With Hegel, winning the lottery can be a lot of work. He is known for returning draft after draft of research papers filled with marginalia.

“He’s incredibly intelligent and knowledgeable — in a very subtle, unassuming, Midwestern sort of way,” Wille says. “He has a truly first-rate mind, but he never rubs your face in it.”

Hegel tends to back up his mild admonishments with remarkable suggestions, introducing ideas that help students turn term papers into conference presentations. Often, it’s at those conferences that his students (and his colleagues) begin to understand Hegel’s standing in the field.

“Finding fans of Bob Hegel in China was a real eye-opener for me,” says WUSTL colleague James Wertsch, PhD, another Midwestern farm boy who now is the Marshall S. Snow Professor in Arts & Sciences. “Sometimes, it takes a trip far from home to appreciate the quality of faculty colleagues we have right here.”

Experience outside the library

Hegel credits his own colleagues and advisers, as well as Uncle Sam, with helping him make the journey from milking barn to academe. Too broke to afford graduate studies on his own, Hegel was advised to apply for a government program then offering support for Americans pursuing advanced study in “critical” languages, including Chinese.

In 1965, he entered Columbia University as a recipient of a generous National Defense Foreign Language fellowship, which paid full tuition and “just enough to get by in New York City,” he says.

“That was the age — an age sadly now gone — when the legacy of J. William Fulbright’s internationalism was very, very clear,” Hegel says.

He notes that “his generation” of cultural scholars is dominated by Americans who studied through the generosity of the American people and the insight of former Sen. Fulbright, adding, with some dismay, that this “funding is all dried up now.”

At Columbia, Hegel joined other students in protests over U.S. bombing in Cambodia and Columbia’s planned expansion into Morningside Park in Harlem. He was there for the big antiwar demonstrations in 1968.

After completing his graduate coursework, Hegel headed for Taiwan, where, to make ends meet, he took a job researching and writing travel pieces for the China Airlines inflight magazine. The experience proved central to his academic career, forcing him to learn about Chinese culture outside the library while vastly improving his spoken language skills.

He returned to academe through a teaching job at Case Western Reserve University in Cleveland, where he finished his Columbia dissertation before moving to WUSTL.

Studying ‘how to learn’

In his 36 years of teaching, Hegel has been a primary adviser for 35 doctoral students — only two of them Americans. He has had a student from Germany, one from Bulgaria, two Koreans and the rest Chinese.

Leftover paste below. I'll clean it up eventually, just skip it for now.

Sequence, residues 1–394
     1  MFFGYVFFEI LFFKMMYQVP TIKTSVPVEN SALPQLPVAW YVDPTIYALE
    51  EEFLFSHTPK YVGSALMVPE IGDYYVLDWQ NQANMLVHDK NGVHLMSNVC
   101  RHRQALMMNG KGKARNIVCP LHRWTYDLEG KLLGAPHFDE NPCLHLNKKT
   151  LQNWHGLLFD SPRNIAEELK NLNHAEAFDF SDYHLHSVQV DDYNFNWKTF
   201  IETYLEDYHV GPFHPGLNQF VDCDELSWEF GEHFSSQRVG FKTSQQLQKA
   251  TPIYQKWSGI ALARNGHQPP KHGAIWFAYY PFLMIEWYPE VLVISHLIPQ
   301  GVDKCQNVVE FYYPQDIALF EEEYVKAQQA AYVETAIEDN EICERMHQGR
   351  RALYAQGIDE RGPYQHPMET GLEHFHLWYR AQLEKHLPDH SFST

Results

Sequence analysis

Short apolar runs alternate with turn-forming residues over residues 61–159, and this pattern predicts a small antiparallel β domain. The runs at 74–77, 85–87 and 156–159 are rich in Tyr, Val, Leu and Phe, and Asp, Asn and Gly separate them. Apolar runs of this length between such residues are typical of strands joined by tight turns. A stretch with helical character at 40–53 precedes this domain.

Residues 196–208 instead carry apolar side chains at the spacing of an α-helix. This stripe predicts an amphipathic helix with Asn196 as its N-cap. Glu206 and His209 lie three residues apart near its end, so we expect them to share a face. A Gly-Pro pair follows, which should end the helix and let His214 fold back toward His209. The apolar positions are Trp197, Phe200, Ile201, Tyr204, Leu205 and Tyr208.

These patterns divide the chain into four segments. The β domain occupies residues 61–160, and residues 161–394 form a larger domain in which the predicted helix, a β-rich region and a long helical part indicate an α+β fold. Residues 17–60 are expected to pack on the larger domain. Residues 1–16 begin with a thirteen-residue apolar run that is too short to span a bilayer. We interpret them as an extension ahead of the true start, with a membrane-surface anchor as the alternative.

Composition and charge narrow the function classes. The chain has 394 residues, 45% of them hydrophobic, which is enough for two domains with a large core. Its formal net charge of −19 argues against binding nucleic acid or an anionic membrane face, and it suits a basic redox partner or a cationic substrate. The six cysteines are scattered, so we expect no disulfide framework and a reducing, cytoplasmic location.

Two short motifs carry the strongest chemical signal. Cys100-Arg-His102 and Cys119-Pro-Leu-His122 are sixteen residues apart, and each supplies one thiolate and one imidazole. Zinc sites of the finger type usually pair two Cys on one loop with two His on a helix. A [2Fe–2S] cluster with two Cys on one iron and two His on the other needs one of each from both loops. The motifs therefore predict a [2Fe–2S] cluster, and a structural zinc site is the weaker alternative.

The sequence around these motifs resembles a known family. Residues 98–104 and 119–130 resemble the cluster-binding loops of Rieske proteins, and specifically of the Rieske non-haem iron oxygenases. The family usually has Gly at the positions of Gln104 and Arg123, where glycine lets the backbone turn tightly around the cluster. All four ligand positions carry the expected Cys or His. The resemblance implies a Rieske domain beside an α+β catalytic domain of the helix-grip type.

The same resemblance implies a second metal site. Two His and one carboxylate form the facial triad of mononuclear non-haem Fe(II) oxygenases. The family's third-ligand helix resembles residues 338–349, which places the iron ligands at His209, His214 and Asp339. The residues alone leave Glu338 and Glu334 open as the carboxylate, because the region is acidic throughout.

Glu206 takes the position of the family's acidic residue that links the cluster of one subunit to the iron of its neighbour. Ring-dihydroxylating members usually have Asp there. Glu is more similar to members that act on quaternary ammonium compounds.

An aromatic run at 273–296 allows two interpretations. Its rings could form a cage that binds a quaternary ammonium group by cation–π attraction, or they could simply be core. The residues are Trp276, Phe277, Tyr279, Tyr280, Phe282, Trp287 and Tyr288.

“In this generation of scholars of Chinese literature in the U.S.,” he says, “there are very few Americans. The great majority are native speakers of Chinese.”

While it may seem odd for Chinese students to flock to the United States for advanced degrees in Chinese literature, Hegel says more imaginative Chinese students go abroad for an outside perspective, to learn the nuances of Western literary and comparative analysis.

“Chinese graduate students come here not so much to learn about Chinese literature but to study how to learn about Chinese literature, how to interpret and analyze Chinese literature from comparative and multidisciplinary perspectives still rare in Chinese universities,” Hegel says.

Demand for Chinese courses among WUSTL undergraduates is strong and growing, Hegel says, with more than 250 students of language in recent semesters.

Only about 50 will declare majors in the area; most simply want exposure to Chinese culture; many are pre-med. Others come from business or engineering, where students realize a few years of language study may help them land jobs tied to the Chinese economy.

Hegel, now 68, has no immediate plans to retire. He enjoys teaching too much.

His four children — two sons and two daughters — are grown and pursuing careers around the country. For now, he will continue spending summers near Belfast, Maine, where he and his wife have a small vacation home.

After all, in these days of global Internet, he still can access great collections of Chinese literature from his quiet study on Tilden Pond.

Fast facts about Robert E. Hegel

Born: Goodrich, Mich., population then about 500
Lives in: University City, Mo.
First visited China in: 1976. Few American scholars were allowed to visit the People’s Republic of China until 1980.
Hobbies: Kayaking and helping his wife move plants around the garden. As the son of a part-time carpenter, Hegel also likes to help build things, including a work shed and small room addition. “I also find happiness in work with a shovel, a hammer or with power tools,” he says.